Wyckoff Power Charting

Redistribution - A Case Study


The case study method is a preferred teaching tool in the Wyckoff classroom. Past real life market situations can be explored on an accelerated basis. Students are able to gain market experience (in the safety of the classroom) from a myriad of different and illustrative  trading environments. Here is a case study in our ongoing discussion of Redistribution.

Cisco Systems was one of the legendary bull campaigns of the 1990’s. CSCO offered stock to the public in February of 1990 and it trended higher for the entire decade. All good things come to an end in the stock market and in March of 2000, CSCO peaked out and began its’ first bear market. In this post we will evaluate the four stepping stone Redistributions of that bear market.

During the 10 year uptrend; the C.O., institutions and the public fully embraced Cisco Systems. This was a ‘must own’ stock in institutional portfolios. When the top arrived it was sudden and mostly unexpected. Very few were able to Distribute stock around the peak. Therefore CSCO was sold, by the C.O. and nimble institutions, on a scale down off the peak prices.

The decade long uptrend meant that tremendous supply would come in to the market after the high was in place. This stock would need to be sold during the Redistributions, and it would benefit the C.O. to have lengthy Redistributions. More stock could be sold during quiet trendless trading ranges. The public considers the early price breaks off the high prices as an opportunity to buy stock at bargain values. This, of course, is a trap.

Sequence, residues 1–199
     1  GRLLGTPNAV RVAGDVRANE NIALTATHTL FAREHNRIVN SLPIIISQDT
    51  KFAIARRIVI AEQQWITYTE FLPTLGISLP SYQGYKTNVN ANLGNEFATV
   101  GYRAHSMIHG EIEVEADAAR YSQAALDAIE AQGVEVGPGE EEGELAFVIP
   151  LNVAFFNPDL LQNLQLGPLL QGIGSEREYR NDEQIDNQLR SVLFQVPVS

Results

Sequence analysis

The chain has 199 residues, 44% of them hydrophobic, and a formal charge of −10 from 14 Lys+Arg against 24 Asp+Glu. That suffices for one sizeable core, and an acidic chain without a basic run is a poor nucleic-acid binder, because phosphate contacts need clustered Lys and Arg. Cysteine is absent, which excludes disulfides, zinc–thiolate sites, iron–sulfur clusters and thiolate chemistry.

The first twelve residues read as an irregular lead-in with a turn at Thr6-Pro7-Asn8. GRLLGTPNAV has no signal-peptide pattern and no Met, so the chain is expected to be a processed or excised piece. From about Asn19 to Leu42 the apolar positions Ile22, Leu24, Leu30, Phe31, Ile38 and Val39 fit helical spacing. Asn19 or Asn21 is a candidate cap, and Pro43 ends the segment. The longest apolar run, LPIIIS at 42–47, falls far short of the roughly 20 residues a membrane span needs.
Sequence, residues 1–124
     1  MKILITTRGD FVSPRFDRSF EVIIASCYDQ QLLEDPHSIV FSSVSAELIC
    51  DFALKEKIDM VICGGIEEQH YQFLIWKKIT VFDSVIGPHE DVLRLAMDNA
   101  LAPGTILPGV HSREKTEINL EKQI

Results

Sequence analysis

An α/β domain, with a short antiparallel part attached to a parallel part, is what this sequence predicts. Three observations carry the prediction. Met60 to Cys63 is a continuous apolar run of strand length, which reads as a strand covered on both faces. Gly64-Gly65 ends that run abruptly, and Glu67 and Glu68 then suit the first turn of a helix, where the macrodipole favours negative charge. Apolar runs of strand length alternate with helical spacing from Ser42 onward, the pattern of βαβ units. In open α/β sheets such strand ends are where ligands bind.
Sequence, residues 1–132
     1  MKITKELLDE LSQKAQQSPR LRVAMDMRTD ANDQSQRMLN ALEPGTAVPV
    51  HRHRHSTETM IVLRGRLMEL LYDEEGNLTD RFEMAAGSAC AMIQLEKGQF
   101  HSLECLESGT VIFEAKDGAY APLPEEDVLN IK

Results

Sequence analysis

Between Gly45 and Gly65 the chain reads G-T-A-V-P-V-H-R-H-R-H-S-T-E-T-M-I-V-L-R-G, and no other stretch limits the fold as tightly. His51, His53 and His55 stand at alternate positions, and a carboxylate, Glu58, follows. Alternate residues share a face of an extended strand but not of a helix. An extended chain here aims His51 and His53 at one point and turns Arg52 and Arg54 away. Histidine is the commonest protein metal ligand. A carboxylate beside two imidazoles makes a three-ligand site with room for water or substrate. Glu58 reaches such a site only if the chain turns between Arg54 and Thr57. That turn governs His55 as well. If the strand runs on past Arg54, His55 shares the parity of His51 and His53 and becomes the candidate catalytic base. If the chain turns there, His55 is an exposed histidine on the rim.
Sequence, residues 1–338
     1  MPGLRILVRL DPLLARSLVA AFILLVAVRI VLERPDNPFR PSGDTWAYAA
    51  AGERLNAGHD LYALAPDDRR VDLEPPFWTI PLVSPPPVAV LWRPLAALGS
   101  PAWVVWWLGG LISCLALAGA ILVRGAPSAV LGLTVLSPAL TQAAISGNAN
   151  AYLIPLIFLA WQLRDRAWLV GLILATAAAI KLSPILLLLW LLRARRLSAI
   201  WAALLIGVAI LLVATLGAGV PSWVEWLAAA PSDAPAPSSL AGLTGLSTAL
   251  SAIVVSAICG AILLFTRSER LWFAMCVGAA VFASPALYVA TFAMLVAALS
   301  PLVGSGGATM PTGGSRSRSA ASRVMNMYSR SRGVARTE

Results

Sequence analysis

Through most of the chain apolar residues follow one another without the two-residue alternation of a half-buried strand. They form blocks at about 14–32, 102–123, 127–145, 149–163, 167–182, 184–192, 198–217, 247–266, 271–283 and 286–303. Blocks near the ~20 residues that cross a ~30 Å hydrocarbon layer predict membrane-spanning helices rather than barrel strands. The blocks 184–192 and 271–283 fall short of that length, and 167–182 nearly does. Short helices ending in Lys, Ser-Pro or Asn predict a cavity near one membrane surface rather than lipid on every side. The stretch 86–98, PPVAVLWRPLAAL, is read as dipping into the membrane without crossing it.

A variety of Redistribution formations are illustrated during the entirety of the CSCO downtrend. It does not represent all of the possible ways that a bear market can stair step lower. It does show the tricky nature of declining prices.


                                                  (Click on chart for active version)

The above chart highlights the Redistribution areas to be studied.

                                                  (Click on chart for active version)

Declines typically stop with climactic action which involves high volume and volatile prices (see SCLX on the chart above). This portends a rally of some magnitude is coming and potentially the continuation of the uptrend. The surge of volume on the decline off the $72 peak is evidence of Distribution by large interests (the Composite Operator). The BCLX tests the PSY on high volume and stops the advance. This warns that a lower peak is likely forming at the $62 price level. From June to October this Redistribution develops the attributes of distributional selling. The ICE is broken in September on widening price spreads and rising volume. Thereafter, a pause forms at Support with minimal lift, and the ICE is tested from below. CSCO is vulnerable to price weakness directly ahead. Classic places to sell stock and sell short is at the Secondary Test (ST) and the Last Point of Supply (LPSY). Also the breaking of the ICE and the next LPSY represent the last quality places to sell. Diminishing price spread and volume on the rallies, and expanding price spread and volume on the declines, is a sign that the downtrend will be resuming soon. Breaking key price supports and prior price lows is labeled a Sign of Weakness (SOW) and is evidence of overwhelming supply. Look for prices to pause (followed by rallies of low quality) after a SOW and then to resume declining.